I think adaptation is that it's okay that you fail. It depends how you come back from it. I see a lot of, in woman's game, particularly I see so many coaches that make their players dependent on them, and I think that's very dangerous. It's very manipulative too. I wish that kind of subject was talked about a little bit more.

I think the job of the coach is to teach your player not to need you. I hope that young players really look for that, you know, to really depend on themself, because it's an individual sport. Listen, be very open-minded, and absorb and be like a sponge. I've heard Serena talk about that, being a sponge. You know, 23 Grand Slams, so many titles, and kind of have that learning student mentality but really take control of your own career a little more.

Q. At different times you have just given some real extraordinary insights into the game and you just talked about the coaches manipulating players, and there have been incredible stories of real severe manipulation and exploitation of young players that you may know about. Could you talk about that subject, sort of kick-start what the elements of that dynamic is.

VICTORIA AZARENKA: I mean, it's a very sensitive subject, because, you know, you won't hear those stories unless players come out and tell those stories. It happens right and left on the tour, which is unfortunate.

Our job, you know, is to be better at safeguarding. You know, as player council, it's almost like No. 1 subject, you know, to us. Because we see those vulnerable young ladies that getting taken advantage of in different situations.

It's really sad and really makes me emotional, because, you know, I have a son that I don't see, you know, that happens so much on the men's tour. And if I had a daughter, I would have a question would she want to play tennis, that would be a very big concern in that way for me.

So, you know, just recent story with Fiona Ferro that came out. I mean, I don't know how to put it in words sometimes. All you can do is, like, check in on the person and kind of give your hand what I can do, what I can help with.

So, I mean, I applaud her for being brave. I hope this situation she's gonna come out of it stronger and tennis is not ruined for her because of that. That's I think very, very heavy topic.

But it's the topic that has to come out more, and I think it's your guys' job also to not expose it, because it sounds like, you know, it sounds pretty weird when I say that, but to do the research, to do the research, help people to open up more.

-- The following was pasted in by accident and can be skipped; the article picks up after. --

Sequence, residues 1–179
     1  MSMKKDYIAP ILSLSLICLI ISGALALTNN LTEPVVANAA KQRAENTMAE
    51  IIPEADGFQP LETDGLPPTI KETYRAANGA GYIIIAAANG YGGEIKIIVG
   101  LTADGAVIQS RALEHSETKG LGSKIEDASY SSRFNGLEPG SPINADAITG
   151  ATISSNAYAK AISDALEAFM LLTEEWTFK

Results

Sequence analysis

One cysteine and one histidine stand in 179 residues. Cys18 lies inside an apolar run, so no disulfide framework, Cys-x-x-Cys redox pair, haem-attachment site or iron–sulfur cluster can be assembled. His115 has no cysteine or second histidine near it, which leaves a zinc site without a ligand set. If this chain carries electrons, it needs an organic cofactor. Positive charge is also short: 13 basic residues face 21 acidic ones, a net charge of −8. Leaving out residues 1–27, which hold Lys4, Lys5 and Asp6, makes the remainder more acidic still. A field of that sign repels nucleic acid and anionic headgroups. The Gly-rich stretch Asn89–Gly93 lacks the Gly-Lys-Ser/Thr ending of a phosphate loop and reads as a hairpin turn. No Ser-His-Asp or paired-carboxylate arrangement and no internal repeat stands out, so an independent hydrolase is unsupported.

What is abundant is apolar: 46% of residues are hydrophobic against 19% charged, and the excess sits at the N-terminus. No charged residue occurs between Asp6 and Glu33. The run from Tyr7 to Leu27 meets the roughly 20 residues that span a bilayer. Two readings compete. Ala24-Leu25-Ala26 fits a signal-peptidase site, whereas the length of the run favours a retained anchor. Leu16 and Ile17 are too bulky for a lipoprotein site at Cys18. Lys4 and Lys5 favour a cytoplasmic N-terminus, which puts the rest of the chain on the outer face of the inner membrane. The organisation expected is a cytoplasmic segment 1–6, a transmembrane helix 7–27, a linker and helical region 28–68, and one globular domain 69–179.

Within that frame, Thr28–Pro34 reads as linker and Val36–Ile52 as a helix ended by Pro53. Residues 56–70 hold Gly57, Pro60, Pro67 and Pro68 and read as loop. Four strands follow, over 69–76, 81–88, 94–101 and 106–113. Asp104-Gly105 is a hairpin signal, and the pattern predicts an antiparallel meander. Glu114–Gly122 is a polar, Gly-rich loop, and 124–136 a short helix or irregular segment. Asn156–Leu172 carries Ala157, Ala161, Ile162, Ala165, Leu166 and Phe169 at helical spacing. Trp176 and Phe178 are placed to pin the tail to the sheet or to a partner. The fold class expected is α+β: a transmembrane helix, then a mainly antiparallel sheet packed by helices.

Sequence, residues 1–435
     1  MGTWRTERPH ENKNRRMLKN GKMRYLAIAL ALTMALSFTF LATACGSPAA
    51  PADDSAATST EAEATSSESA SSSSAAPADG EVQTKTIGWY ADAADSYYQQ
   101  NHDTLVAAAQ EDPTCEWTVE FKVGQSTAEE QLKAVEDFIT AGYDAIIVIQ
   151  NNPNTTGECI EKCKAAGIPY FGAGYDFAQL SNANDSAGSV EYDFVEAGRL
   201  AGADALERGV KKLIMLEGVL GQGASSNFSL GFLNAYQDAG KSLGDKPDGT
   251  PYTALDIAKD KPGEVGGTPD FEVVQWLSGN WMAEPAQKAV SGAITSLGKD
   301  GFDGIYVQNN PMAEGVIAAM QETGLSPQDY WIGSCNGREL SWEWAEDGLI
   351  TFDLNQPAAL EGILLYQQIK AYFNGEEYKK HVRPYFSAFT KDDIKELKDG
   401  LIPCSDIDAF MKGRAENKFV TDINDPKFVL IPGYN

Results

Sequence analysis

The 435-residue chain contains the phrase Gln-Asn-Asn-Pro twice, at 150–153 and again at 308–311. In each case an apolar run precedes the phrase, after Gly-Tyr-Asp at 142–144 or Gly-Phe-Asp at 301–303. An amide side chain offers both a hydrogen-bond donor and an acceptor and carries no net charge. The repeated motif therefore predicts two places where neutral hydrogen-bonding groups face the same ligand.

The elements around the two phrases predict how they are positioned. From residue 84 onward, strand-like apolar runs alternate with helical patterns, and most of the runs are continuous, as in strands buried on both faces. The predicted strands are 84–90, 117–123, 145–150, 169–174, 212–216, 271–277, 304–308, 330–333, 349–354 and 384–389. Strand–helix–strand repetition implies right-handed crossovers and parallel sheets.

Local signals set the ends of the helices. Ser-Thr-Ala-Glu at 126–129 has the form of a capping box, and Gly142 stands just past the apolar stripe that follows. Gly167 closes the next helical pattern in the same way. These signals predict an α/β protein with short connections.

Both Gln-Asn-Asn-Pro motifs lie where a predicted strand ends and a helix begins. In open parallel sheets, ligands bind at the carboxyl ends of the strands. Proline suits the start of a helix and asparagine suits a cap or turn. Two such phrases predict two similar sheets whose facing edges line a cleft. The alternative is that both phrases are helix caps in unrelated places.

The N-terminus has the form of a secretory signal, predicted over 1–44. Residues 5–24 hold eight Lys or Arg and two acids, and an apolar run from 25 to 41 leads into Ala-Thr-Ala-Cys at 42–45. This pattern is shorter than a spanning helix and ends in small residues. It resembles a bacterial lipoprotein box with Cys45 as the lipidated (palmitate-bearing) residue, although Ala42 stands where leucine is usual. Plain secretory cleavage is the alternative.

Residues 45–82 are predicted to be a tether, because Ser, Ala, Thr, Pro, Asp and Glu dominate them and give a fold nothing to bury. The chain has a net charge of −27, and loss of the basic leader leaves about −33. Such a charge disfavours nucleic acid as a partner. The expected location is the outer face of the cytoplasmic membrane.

You know, it's hopefully one by one try to eliminate that type of situations.

Q. Are you sort of saying there is a range from the cases of just outright exploitation and severe damage to subtlety on court where young women players are just dependent tactically, strategically, emotionally on court in matches also?

VICTORIA AZARENKA: I mean, I can only speak from my opinion. I don't want to make factual things. But from my opinion I see that. I think some of the players that I talk to also speak about this situation.

In the end of the day -- the problem here is when somebody is winning, nobody's going to go and say, Okay, that's the thing. When the winning stops, it becomes dark and there is nobody to hold your hand. That is the moment where it's not talked about.

Q. This is a question about style of play in the women's game. It's frequently talked about, that the power in the game has surged over the last 20 years or so. But are there other ways that the game has changed on the women's side that people don't talk about subtleties that you've noticed in your long career, where we're at, compared from the start of your career to now and then going forward?

VICTORIA AZARENKA: Well, the biggest attribute I would say is the physicality. You know, a lot of young players have this pure, raw explosivity on their shots. The courts become faster, the balls -- I know there is a lot of conversation about balls -- but it is true when the ball is faster and lighter, you hit the ball down the middle, it's hard to do something about that.

But the same time, we had Ash Barty being No. 1 with a bigger variety of game, with a slice, coming into the net. So there is still variety. I don't think there is that much variety, because I still believe that domination is more about power players, but, you know, we also have a magician like Ons Jabeur with her tricks.

So there is that. But I feel like, yeah, the power is taking more, like you can see it a little bit more.

FastScripts Transcript by ASAP Sports